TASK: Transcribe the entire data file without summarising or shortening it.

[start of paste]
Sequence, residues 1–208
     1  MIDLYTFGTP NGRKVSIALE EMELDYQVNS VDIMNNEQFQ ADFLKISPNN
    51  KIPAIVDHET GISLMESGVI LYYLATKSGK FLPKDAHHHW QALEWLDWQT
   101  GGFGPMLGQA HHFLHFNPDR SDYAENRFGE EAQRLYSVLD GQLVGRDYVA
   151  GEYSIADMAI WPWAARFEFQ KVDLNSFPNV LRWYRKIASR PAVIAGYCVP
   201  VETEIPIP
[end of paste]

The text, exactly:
Sequence, residues 1–208
     1  MIDLYTFGTP NGRKVSIALE EMELDYQVNS VDIMNNEQFQ ADFLKISPNN
    51  KIPAIVDHET GISLMESGVI LYYLATKSGK FLPKDAHHHW QALEWLDWQT
   101  GGFGPMLGQA HHFLHFNPDR SDYAENRFGE EAQRLYSVLD GQLVGRDYVA
   151  GEYSIADMAI WPWAARFEFQ KVDLNSFPNV LRWYRKIASR PAVIAGYCVP
   201  VETEIPIP